Hog Farmers Worried People Will Infect Their Swine - Southern Maryland Headline News

Hog Farmers Worried People Will Infect Their Swine


By CATHERINE KRIKSTAN

ANNAPOLIS (Sept. 24, 2009) - Since last spring's detection of the H1N1 virus, hogs have gotten a bad rap.

Because of the misnomer "swine flu," some people believe the virus can be contracted from eating pork.

But farmers are worried that humans are the ones who will spread the virus to pigs, whether on a farm or at the county fair.

Pork producers remain "concerned that people think pigs have [the H1N1 virus] and [that] they're going to give it to humans," said Tom Hartsock, a former pig farmer and associate professor emeritus of animal science at the University of Maryland, College Park. "When in reality, it's probably the other way around."

Although the virus has not been detected in swine herds in the United States, it has been detected in pigs elsewhere. In May, the Canadian Food Inspection Agency announced the infection of a herd in Alberta, likely exposed to the virus from a Canadian recently returned from Mexico.

Ken Bauer, a third-generation hog farmer who raises breeding stock and show pigs in Woodbine, worries about his herd contracting H1N1. Because of shows, he and his herd are "intermingling with other people and other pigs all the time."

Nevertheless, his "herd health is as high as [he and his veterinarian] can make it." To protect his pigs from disease, he takes "every measure that is available," from disinfecting his shoes before he enters a barn to reserving a separate building in which outside visitors can view his pigs.

Other bio-security measures include designating vehicles to remain on the farm, showering and changing your clothes before entering pig barns, and staying home when you're sick.

"If a producer or the workers on a farm are ill with influenza-like symptoms, they should not be going near their swine," said John Clifford, chief veterinary medical officer with the U.S. Department of Agriculture.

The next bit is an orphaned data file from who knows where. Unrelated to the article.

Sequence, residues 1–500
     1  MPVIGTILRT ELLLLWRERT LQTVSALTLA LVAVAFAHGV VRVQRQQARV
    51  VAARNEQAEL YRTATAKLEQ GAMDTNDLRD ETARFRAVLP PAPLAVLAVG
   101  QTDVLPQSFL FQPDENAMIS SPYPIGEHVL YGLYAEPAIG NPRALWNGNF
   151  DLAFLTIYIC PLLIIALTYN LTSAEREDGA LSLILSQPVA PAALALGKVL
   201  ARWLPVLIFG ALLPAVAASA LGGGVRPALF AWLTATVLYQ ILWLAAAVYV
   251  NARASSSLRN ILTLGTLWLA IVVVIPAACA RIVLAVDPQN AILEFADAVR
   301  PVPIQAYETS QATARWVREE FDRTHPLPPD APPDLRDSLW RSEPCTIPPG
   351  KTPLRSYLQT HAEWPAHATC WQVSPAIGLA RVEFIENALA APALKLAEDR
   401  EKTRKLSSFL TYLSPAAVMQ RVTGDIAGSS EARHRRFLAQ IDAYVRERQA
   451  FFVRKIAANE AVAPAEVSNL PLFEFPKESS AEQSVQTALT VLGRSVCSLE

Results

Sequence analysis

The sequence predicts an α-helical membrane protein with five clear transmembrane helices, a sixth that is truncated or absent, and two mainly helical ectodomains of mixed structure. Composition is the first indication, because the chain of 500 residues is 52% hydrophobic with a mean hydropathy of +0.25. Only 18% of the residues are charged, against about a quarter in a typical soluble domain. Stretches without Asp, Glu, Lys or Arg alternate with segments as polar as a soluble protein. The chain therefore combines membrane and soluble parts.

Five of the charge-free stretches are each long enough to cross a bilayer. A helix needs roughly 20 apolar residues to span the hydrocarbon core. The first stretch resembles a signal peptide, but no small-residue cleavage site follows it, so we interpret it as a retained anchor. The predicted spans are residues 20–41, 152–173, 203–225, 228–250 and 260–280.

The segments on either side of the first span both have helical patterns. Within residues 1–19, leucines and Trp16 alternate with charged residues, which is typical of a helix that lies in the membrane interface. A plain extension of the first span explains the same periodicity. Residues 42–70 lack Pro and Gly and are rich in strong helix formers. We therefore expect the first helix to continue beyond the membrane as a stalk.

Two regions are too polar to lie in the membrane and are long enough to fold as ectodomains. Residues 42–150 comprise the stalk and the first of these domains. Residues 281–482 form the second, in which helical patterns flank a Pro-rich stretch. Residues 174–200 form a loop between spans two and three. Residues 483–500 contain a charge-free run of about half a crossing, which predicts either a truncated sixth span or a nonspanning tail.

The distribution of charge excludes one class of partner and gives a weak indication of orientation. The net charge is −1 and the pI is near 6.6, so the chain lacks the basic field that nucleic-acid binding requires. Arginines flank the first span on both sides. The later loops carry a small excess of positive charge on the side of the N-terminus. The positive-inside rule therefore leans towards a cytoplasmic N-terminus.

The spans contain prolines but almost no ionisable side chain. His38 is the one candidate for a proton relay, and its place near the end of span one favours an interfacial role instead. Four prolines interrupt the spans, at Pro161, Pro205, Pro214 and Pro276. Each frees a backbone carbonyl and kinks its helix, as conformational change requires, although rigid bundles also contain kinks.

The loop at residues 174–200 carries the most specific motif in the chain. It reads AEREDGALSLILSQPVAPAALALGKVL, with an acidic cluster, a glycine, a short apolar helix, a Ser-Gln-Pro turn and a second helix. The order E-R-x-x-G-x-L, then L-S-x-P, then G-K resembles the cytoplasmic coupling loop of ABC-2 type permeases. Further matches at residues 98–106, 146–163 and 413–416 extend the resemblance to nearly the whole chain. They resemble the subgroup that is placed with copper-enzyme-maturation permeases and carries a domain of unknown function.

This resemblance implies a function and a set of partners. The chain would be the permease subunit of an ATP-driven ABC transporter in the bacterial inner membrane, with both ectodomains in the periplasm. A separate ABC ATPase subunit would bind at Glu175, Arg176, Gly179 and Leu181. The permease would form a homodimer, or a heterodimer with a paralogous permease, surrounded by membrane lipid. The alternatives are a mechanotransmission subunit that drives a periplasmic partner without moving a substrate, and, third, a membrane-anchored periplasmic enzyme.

As for non-farmers, "whether you're at a fair or anywhere else, if you have influenza-like symptoms, you shouldn't even be out there. And you should stay away from farm animals," Clifford said.

For most commercial hog farmers, protecting swine herds from disease is nothing new.

"Most swine farmers ... were careful about bio-security long before H1N1 became an issue because pigs are subject to a number of contagious diseases that can be carried by humans and also, of course, carried by other pigs," Hartsock said. This virus is "just one more in a stream of contagious diseases that could affect swine herds."

In a conference call earlier this month, Deputy Secretary of Agriculture Kathleen Merrigan lamented the potential "fallout for [pork] producers [and] the pain that's out there in the countryside from loss of markets."

"We have had significant loss in our export markets around pork because of the novel H1N1," said Merrigan, even as international health organizations continue to reassure consumers that the virus is not transmitted by eating pork.

In the weeks after the virus was first detected, "the price [that Maryland pork producers received for their product] went down significantly and it stayed down," said Lynne Hoot, executive director of the Maryland Pork Producers Association. "If everybody called it H1N1, we probably wouldn't have lost the market."

"If you hear something called swine flu," Hoot added, "you assume it comes from pigs."

The term "swine flu" caught on after early testing found the virus was partly comprised of genetic material from swine influenza, said Steven Kappes, deputy administrator of the USDA's Animal Production and Protection Agency. Later tests also detected genetic material from avian and human influenzas.

If swine herds within the United States contract H1N1 the likely next step is vaccination, Hartsock said. This would allow pigs to "live with the disease much like humans live with flu viruses or colds."

But Hoot disagrees.

"When you're losing $50 on every pig that you sell, you're not going to go out and pay extra money to vaccinate it," she said.

Sick pigs are usually quarantined, and aren't sent to market until they are well. But H1N1 is a respiratory disease and "has no impact on the carcass or the meat that comes from it," Hartsock said.

"You wouldn't get a cold from eating a piece of ham from a pig that had a cold."

Megan E. Gustafson contributed to this article.

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